Greek banks have reopened after weeks of closure. The patient and orderly way customers queued outside to use ATMS during the big shut down was an impressive sight, especially for those people who are fond of considering Greek people as somehow incapable of doing things right.
But nothing is harmonious. The queues outside the job centres are as long as ever, while many of the shops that shut down at the same time as the banks, still haven’t reopened. Anti-austerity and anti-governmental protests have started to take place for the first time since Syriza came to power. Dozens were arrested as the Greek parliament voted to accept a new bailout deal from Europe, based on the very terms that were rejected just days earlier in a national referendum. Fresh riots took place as the parliament passed a law that allows the confiscation of people’s homes.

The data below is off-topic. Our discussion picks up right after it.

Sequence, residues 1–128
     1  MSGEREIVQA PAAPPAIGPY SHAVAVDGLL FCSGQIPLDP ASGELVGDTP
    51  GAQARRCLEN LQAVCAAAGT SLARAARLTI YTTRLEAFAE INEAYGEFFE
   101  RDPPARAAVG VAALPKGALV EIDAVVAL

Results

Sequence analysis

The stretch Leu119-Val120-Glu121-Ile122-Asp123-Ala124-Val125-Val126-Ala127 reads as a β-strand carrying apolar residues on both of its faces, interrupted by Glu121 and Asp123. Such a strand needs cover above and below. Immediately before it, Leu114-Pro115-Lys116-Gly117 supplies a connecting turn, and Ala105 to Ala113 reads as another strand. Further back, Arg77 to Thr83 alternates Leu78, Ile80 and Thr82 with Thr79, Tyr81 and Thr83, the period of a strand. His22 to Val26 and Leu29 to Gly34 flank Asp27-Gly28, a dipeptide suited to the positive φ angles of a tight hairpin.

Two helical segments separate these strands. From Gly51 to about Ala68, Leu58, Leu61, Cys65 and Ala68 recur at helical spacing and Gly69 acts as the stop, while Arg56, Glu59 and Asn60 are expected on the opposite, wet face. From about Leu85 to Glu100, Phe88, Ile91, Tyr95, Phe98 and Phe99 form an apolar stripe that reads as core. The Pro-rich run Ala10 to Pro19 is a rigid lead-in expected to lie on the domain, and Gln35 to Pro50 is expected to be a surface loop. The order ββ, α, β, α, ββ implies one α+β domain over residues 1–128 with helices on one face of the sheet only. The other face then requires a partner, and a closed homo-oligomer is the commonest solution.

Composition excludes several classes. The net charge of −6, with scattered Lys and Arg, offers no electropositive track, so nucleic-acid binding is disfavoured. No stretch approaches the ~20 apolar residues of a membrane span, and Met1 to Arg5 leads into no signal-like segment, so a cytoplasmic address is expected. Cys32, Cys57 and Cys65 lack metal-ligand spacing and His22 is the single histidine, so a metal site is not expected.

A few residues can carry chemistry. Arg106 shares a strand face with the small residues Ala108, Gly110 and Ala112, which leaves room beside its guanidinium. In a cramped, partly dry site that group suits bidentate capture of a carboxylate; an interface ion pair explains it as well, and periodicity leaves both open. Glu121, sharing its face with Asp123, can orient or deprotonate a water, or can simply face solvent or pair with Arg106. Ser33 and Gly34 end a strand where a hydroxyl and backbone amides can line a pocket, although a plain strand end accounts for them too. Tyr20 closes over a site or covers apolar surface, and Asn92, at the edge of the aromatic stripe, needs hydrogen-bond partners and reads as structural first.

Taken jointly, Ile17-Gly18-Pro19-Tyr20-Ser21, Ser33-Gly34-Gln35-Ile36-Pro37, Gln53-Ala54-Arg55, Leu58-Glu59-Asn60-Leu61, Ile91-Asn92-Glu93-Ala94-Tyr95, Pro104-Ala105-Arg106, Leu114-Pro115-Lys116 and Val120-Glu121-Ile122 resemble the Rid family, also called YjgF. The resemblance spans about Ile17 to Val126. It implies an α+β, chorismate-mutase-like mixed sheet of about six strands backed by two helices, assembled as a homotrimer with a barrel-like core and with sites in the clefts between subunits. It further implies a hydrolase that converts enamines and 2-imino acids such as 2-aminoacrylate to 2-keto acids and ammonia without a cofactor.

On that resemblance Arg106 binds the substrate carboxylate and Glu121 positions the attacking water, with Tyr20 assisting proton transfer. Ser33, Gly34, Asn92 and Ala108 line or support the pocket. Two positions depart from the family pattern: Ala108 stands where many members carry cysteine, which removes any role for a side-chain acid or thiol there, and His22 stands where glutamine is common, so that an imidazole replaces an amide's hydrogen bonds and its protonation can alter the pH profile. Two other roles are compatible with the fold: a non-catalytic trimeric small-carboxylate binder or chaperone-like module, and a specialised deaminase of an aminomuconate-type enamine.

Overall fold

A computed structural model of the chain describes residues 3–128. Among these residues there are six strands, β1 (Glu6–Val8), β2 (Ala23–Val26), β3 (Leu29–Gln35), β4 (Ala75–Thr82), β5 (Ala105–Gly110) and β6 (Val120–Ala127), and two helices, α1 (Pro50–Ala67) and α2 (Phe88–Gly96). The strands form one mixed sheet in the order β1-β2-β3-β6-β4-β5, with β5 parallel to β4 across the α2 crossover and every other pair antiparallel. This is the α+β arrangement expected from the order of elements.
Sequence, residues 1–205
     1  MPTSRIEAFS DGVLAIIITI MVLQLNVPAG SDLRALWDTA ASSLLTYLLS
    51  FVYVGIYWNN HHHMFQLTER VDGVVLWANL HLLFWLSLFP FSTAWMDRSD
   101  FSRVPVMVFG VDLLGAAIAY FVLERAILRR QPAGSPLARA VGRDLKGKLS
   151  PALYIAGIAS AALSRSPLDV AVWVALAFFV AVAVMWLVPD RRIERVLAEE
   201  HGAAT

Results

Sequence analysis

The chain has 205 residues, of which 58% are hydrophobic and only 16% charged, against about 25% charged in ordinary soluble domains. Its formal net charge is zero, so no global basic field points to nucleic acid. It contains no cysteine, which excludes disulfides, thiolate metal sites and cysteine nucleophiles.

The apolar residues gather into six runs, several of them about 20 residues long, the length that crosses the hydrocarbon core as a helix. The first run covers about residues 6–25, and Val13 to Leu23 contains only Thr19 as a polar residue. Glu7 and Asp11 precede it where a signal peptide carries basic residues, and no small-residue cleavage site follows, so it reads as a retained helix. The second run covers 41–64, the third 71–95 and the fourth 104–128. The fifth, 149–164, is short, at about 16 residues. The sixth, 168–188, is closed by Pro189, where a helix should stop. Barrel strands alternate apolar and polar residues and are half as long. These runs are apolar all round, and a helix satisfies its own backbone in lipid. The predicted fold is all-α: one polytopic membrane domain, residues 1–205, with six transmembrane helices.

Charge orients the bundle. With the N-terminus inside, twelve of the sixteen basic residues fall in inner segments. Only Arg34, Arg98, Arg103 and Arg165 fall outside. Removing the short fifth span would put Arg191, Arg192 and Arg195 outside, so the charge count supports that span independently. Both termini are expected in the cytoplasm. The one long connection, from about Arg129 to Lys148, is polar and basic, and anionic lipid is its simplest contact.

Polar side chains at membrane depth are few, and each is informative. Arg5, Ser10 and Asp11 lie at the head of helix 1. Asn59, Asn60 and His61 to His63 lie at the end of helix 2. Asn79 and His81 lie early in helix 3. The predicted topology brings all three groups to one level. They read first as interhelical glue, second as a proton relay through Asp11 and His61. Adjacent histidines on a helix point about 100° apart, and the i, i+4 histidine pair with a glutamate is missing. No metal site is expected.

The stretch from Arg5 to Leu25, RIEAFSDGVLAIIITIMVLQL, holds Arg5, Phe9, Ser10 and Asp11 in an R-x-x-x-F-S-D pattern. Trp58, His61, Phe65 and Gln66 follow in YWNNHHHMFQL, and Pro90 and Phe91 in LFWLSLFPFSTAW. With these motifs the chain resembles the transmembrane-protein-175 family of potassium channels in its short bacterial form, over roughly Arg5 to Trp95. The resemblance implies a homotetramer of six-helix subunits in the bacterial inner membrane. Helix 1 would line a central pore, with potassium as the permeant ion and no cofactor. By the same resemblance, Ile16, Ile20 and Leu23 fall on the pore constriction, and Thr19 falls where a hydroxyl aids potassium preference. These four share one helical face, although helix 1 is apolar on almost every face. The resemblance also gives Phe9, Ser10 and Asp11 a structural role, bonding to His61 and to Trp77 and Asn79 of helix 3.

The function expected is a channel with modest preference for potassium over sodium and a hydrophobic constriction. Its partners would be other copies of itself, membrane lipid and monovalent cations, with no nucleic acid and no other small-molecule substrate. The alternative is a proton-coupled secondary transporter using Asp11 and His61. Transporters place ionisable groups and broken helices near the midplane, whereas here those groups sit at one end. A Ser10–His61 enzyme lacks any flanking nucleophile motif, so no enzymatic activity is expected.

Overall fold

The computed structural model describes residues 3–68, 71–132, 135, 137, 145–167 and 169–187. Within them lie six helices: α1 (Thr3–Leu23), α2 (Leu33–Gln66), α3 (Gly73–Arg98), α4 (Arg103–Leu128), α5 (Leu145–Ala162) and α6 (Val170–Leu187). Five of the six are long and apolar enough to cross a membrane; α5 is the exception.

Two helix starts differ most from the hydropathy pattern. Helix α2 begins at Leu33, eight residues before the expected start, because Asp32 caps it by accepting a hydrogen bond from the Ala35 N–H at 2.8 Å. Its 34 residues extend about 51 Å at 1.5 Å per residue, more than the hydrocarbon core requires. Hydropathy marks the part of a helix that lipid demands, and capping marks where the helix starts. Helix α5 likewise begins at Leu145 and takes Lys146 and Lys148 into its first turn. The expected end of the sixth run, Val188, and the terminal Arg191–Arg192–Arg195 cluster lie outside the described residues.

As Syriza burns its bridges with the general public, life for the majority of people has returned to hopeless normality – indeed, many people have spent more time talking about the wildfires that have broken out around the country than the troika in the past few days.
Greece’s ruling party might be called the coalition of the radical left but it seems to be rejecting a basic argument put forward by activists at that end of the political spectrum for years: It is impossible to transform this unequal, structurally and physically violent world into a better place if you try to do it via the institutional route. State governance, the parliamentary system, prime ministerial meetings and the rest are all the enemies of meaningful change.
Perhaps to a certain extent Syriza’s leaders were aware of the risks they were taking when they sought to continue negotiating with Europe. They could end up crossing the political spectrum to join the rest of the austerity governments or, less likely, be overthrown for failing to comply with the requests of creditors and international bankers.
Source and read more at: Greece.Greekreporter.com